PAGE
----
Is Flickr Flickering Out?

Be Proactive

For years I have used Flickr as my platform of choice for curated albums of the pictures most important to me. I don’t always have time to methodically sort rank and categorize the pictures I take, and Lightroom and Photos serve as repositories for everything I shoot. However, I do take the time once every couple months to identify the pictures I like best and create small albums on Flickr. I like Flickr’s mobile interface and this has provided me with quick access to my favorite photos in chronological albums. This has proven to be very handy when I quickly want to find a good shot or two without wading through tens of thousands of photos in the larger libraries I maintain.

Undoubtedly other services have evolved, as well as their supporting technologies like face detection, location identification, and automated creation of automations and mosaics. I’ve jumped into most of these, and no doubt my approach in Flickr could be replicated on many platforms, including Google Photos and Apple’s Photos. An in fact I am in the process of doing just that. However, I put a lot of time into the curation aspect of Flickr, and continue my approach on that platform as well.

Unfortunately, Flickr appears to be suffering on a number of fronts, including the ongoing uncertainty of its parent Yahoo. Development of the platform seems to have all but stopped, and I am becoming increasingly concerned for Flickr’s future.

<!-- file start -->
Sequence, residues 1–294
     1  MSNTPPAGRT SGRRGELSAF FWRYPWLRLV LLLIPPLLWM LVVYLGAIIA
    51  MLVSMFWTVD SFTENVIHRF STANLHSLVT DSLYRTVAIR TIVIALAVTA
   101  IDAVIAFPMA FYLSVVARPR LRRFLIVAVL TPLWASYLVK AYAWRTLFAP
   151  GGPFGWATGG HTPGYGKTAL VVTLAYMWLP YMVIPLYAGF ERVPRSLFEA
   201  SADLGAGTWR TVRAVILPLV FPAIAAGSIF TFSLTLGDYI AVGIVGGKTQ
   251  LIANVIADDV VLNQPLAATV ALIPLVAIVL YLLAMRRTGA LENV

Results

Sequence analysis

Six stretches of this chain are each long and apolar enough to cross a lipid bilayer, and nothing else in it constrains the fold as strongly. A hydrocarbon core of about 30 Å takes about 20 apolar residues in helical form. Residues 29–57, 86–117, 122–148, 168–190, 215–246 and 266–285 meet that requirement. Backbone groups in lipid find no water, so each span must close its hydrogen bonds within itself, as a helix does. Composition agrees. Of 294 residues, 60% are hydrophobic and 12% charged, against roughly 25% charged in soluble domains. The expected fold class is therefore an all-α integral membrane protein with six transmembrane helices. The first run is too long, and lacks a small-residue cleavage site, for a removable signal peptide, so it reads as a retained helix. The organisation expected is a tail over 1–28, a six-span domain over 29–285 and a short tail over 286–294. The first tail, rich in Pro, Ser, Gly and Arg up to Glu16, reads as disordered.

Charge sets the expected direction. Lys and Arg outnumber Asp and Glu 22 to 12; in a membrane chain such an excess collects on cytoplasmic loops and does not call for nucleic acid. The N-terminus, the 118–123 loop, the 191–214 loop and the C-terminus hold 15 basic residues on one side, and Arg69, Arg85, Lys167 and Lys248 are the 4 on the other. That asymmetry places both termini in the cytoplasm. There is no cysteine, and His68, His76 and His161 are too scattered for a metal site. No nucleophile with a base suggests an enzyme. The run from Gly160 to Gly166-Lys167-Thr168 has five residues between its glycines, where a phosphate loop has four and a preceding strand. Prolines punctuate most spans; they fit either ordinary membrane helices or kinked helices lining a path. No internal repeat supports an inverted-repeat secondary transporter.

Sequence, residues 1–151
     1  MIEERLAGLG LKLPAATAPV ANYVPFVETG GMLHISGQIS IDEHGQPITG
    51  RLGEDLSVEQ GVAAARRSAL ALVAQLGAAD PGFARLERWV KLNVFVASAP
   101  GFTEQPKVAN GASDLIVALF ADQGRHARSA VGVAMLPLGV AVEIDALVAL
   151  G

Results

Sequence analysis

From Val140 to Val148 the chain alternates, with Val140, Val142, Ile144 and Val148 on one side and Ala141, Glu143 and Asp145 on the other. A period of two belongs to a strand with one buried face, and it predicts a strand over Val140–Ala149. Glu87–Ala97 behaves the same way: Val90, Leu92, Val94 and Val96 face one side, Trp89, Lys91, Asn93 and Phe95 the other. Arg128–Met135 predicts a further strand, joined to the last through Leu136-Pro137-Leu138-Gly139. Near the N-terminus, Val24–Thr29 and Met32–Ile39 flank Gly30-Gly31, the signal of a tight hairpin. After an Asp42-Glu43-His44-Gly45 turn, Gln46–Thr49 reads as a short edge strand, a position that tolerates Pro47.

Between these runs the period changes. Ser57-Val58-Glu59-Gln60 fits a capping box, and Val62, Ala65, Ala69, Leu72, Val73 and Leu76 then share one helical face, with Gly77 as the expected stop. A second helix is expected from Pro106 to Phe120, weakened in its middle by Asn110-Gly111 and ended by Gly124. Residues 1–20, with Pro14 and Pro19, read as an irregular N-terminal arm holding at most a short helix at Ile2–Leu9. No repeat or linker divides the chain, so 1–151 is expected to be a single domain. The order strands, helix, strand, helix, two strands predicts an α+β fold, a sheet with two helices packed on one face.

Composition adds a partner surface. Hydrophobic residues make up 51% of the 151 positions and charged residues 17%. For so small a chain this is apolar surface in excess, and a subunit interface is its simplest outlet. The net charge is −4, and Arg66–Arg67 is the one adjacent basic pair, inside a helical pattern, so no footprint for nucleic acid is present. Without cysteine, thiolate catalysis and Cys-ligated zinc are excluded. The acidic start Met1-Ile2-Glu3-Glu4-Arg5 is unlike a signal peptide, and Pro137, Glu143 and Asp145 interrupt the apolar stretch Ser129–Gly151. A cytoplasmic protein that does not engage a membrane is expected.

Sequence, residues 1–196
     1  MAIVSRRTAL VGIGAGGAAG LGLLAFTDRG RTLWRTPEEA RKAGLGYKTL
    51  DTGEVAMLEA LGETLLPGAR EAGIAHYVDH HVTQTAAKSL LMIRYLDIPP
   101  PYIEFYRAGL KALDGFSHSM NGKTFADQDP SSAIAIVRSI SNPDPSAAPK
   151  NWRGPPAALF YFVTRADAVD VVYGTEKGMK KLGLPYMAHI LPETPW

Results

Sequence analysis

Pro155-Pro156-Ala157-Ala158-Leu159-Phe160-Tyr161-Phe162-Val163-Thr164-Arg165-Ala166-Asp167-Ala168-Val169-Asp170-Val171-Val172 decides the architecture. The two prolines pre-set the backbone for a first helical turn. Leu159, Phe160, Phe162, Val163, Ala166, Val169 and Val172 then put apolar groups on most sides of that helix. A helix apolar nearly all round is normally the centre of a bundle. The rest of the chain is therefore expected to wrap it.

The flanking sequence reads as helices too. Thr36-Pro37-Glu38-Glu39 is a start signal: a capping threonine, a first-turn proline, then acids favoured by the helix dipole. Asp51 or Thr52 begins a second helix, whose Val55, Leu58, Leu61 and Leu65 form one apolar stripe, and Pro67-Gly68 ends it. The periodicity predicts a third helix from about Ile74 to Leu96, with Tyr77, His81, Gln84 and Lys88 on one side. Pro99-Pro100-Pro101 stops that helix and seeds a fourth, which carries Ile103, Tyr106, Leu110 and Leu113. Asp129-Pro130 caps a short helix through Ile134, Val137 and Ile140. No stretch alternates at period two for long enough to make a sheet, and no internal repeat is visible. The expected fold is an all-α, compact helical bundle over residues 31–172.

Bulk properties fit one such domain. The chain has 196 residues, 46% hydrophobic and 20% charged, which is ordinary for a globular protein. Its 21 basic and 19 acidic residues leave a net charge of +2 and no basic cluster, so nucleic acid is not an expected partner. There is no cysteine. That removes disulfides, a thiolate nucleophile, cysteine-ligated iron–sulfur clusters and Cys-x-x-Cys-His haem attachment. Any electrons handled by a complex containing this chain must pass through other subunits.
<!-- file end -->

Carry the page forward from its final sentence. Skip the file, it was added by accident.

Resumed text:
While I’m continuing to create albums on Flickr, I am also taking proactive preventive steps should something tragic occur with Flickr. I don’t know exactly what I’ll do yet with the backup of the albums on Flickr, but I feel better I know I have them, and that they are in my control. While the original photos reside somewhere in my primary libraries, a large amount of time went into selecting and editing the photos on Flickr, and I don’t want that to be for naught.

Fortunately Flickr makes it very easy to download your albums, albeit one at a time. If it is possible to download in bulk, I have not found that information, but downloading by albums gives me complete control over the process, and it is not too time consuming so long as you have a relatively fast internet connection.

I’ve chosen to save my albums in a folder structure sorted by year. The albums are downloaded as ZIP files, then expanded within their year folders. I then delete the Zip file, and the result is a nice folder structure of all my curated albums organized by year, that I can then point other applications to, including potential use as a referenced library.

I have to admit I feel much more comfortable now that I’ve taken this step. I’m going to be optimistic and continue to use Flickr, but just in case, I have a nice safety net now.